The Two Most Powerful Ways To Do This Are Through Need And Greed – Scammers Use Both

Scammers find victims based upon their emotional need.  Elderly widowers are typically in need of love, communications, and understanding. So romance scammers target these victims.

Teenage girls are driven by their need to be accepted, understood, and lust

Men are frequently driven by their need to save someone – a damsel in distress.

Then the drilling down needs to occur to find the right emotional buttons or pain points that will get the Victim to Surrender to the Scammer’s Will.

They start with pronouncements and a continuous stream of banter, but all the while they are interrogating the victim by asking personal questions. Once they have enough knowledge of the victim – and this process can happen fast, then they will throttle up the pressure by focusing on that need. “I love you and I want to come to visit you but I do not have the money” Or “I have an emergency,” etc.

Now the person isn’t thinking about whether it is a scam but instead, “Here’s a fix for my problems.” – I will send him/her money! I have money and all will be well.

The “crush,” or the “kill” — that’s what telemarketers and scammers call closing the deal — is emotionally driven. It’s not logic. If you apply logic, the answer is always “No, I am not going to send you my hard-earned money. I don’t even know who you are.” If victims had applied logic to scamsScams A Scam is a confidence trick - a crime -  is an attempt to defraud a person or group after first gaining their trust through deception. Scams or confidence tricks exploit victims using their credulity, naïveté, compassion, vanity, irresponsibility, or greed and exploiting that. Researchers have defined confidence tricks as "a distinctive species of fraudulent conduct ... intending to further voluntary exchanges that are not mutually beneficial", as they "benefit con operators ('con men' - criminals) at the expense of their victims (the 'marks')". A scam is a crime even if no money was lost., they would have walked away every time.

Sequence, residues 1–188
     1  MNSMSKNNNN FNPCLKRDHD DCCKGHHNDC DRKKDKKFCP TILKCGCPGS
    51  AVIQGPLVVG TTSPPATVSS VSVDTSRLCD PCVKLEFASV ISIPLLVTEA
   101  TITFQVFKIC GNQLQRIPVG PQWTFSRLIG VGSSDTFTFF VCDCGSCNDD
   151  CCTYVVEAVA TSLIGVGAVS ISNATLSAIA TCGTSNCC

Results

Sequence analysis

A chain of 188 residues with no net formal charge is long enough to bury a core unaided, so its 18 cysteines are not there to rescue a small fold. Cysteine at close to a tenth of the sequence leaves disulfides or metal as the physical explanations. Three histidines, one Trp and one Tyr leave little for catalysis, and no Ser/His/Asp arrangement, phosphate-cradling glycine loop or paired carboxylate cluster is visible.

The Surrender Is Also The Victim’s Proof That They Trust The Scammer

Scammers are also expert in manipulating a victim through the trust stages in the false relationship. They deliberately create moments of doubt to test the victim. There will be a series of small tests leading to larger and larger ones, eventually leading to sending the first small amount, and then each one is larger and larger.

These moments of surrender are when the victim abandons distrust.

At first, everything is great, then comes the first moment of doubt or a trust test that the scammer engineers. It starts with a small one that the scammer uses to get you over the hump. If the scammer can get you through the small tests they know that your emotional investment will help get you through the larger ones. It is like momentum – it is emotionally easier to go forward than to stop and back out.